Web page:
Ahmed Chalabi and his boy pal Ali al-Lami ran the thing (Ali al-Lami was gunned down in Baghdad May 26th) and it was thankfully dead. But now it's back and Nouri's Dawa wants control of it. How frightening is it? Even the Sadr bloc is voicing cirticism (they state it demonstrates the primacy of political parties as opposed to national unity).

De-Ba'athification was a policy the exiles wanted and the US implemented. British intelligence agencies and military strongly called out the de-Ba'athification process during testimony before the Iraq Inquiry. One of the White House proposed benchmarks of 2007 (signed off on by Nouri) was a reconciliation (de-de-Ba'athification). It was supposed to be implemented. Instead a weak law was passed and there was no follow up (as most observers guessed would happen). In 2010, critics of the Justice and Accountability Commission were repeatedly told this was its last breath. As if this excused the targeting and smearing by the Commission or as if this would bring back Iraqiya's Suha Abdul Jarallah or any others killed in this witch hunt climate Chalabi and al-Lami created. But the commission cleary hasn't take its last breath and it is now set to continue to be a body that will launch smear campaigns against political enemies.

The Kurds and Nouri al-Maliki remain at logger heads over the Erbil Agreement (the political deal that ended Political Stalemate I and the deal Nouri reneged on as soon as he got what he wanted out of the deal), Article 140 of the Constitution (guarantees that a census and referendum will be held to resolve the issue of disputed Kirkuk -- the Constitution mandated that be held by 2007 but Nouri's long refused to follow the Constitution) and Nouri's proposed oil & gas bill. The Kurds have publicly floated the possibility of a vote of no-confidence. If a vote of no-confidence succeeded, it would trigger a new vote in the Parliament for prime minister. Speark of Parliament Osama al-Nujaifi visited the KRG yesterday to discuss the situation with the Kurds.

What was discussed? Dar Addustour reports that this morning al-Nujaifi wasn't saying but that the meeting with the KRG president reportedly lasted at least two hours and that al-Nujaifi is now supposed to meet with Nouri to convey the Kurds' viewpoint. Aswat al-Iraq reports, "Nujaifi said that his initiative to solve political bloc's differences, starting with solving inter-conflicts among the parties, including the differences between Baghdad and Arbil, according to a statement issued by his office. The statement, as received by Aswat al-Iraq, added that the initiative has new trends that will eliminate all obstacles that hinder the bases for new Iraq." Al Sabaah reports that a lower level meeting took place in Baghdad yesterday to discuss implementing the Erbil Agreement (participants included Saleh al-Mutlaq and Deputy Prime Minister Ruz Nuri).

Meanwhile there is the Integrity Commission. Nouri recently forced its chair to resign (he did that during his first term as prime minister as well). Al Mada reports that Iraqiya is supporting the reinstatement of the chair over Nouri's objection. This comes as Dar Addustour reports the Integrity Commission is teaming up with Parliament's Integrity Committee and the Supreme Judicial Council to address open files on corruption (files that have not been followed up on). There is talk of as many of 11 arrest warrants possibly coming about from the open files. Meanwhile Dar Addustour reports MP Sabah al-Saadi is stating there is no arrest warrant out against him and that the claims of one stem from Nouri al-Maliki attempting to cover up his own corruption and he states Nouri has deliberately kept the three security ministries vacant and he charges Nouri is willing "to sell Iraq to maintain his hold on power." Laith Hammoudi (McClatchy Newspapers) observes, "The increasing violence is likely to be taken as a further sign of political gridlock in the Iraqi government, in particular the inability of Prime Minister Nouri al Maliki to name permanent ministers for the key security posts 18 months after the March 2010 elections."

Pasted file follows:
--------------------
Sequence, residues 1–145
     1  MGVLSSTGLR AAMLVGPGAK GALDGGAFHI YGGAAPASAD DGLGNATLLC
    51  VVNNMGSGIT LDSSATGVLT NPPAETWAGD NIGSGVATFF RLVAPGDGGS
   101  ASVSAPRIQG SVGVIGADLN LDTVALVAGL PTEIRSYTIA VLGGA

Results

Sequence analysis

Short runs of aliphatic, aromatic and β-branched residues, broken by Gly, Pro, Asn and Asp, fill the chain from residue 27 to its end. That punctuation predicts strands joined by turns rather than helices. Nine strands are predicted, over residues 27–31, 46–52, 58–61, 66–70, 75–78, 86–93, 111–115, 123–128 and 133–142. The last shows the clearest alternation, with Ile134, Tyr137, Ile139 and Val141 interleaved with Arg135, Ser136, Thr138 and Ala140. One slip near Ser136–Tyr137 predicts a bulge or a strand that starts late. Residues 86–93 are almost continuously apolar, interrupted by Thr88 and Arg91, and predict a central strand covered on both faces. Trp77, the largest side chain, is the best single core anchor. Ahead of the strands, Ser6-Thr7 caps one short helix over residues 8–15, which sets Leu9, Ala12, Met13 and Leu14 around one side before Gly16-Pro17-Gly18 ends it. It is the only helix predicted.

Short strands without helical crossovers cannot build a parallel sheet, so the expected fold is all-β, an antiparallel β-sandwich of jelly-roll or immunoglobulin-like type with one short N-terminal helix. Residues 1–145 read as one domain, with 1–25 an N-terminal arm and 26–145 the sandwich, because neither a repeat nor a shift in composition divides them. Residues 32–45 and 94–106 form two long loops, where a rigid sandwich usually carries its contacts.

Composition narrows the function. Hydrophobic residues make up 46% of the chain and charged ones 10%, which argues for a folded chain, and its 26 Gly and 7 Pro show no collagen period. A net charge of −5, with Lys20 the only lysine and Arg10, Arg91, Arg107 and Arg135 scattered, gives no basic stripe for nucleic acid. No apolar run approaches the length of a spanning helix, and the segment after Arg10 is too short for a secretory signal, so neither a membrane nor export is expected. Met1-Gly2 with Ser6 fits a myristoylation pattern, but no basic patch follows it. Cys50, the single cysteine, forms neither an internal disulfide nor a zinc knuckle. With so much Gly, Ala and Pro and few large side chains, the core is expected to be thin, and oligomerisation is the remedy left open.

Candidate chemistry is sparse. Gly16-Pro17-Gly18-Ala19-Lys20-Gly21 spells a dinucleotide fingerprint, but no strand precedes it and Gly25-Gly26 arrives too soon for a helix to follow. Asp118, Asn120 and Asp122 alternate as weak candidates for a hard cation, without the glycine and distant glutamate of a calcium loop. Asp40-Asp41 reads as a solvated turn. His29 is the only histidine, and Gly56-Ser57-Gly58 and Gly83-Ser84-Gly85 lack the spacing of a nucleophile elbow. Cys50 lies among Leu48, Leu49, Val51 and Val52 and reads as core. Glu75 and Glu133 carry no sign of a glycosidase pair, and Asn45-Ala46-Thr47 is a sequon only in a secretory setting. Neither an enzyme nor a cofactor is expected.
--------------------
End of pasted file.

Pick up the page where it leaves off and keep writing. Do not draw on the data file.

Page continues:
Meanwhile Aymenn Jawad al-Tamimi (Daily Star) reports on findings from documents leaked by WikiLeaks:

One notable case that has come to light from these cables involves the radical Shiite cleric Muqtada al-Sadr. On April 3, 2003, as Saddam Hussein's regime was on the point of falling, the moderate and non-sectarian Shiite cleric Abdul Majid al-Khoei, who had been in exile in the United Kingdom, returned to his home city of Najaf. Just one week later, Khoei was beaten and hacked to death by a mob. According to witnesses, he was first dragged to Sadr's office and then to a nearby roundabout where he was killed.
Although Sadr denies accusations of involvement in the atrocity, a senior Iraqi judge, Raed al-Juhi, issued an arrest warrant against him in April 2004, on suspicion of ordering Khoei's murder. One can of course ask why Sadr does not simply go to court if he is so confident of his innocence. In fact, there is a plausible motive for his role in the murder. As Hayder al-Khoei, Abdul Majid's son and a researcher at the Centre for Academic Shi'a Studies in the United Kingdom, has pointed out, Sadr and his followers, whom Hayder's father opposed, wanted to assert themselves as a political force in post-Saddam Iraq.
Today, it can be more easily understood why Sadr is not held to account over the arrest warrant. Prime Minister Nouri al-Maliki depends on the Sadrists as allies, along with the Kurdish factions, to maintain his coalition government in place. However, until the release of the diplomatic cables it remained unclear why the arrest warrant was not enforced during the tenure of the non-sectarian Iyad Allawi. He was interim prime minister before Iraq's elections of 2005.

And we'll close noting Foreign Policy's Josh Rogin's commentary on Barack's plan or 'plan' to reduce the deficit: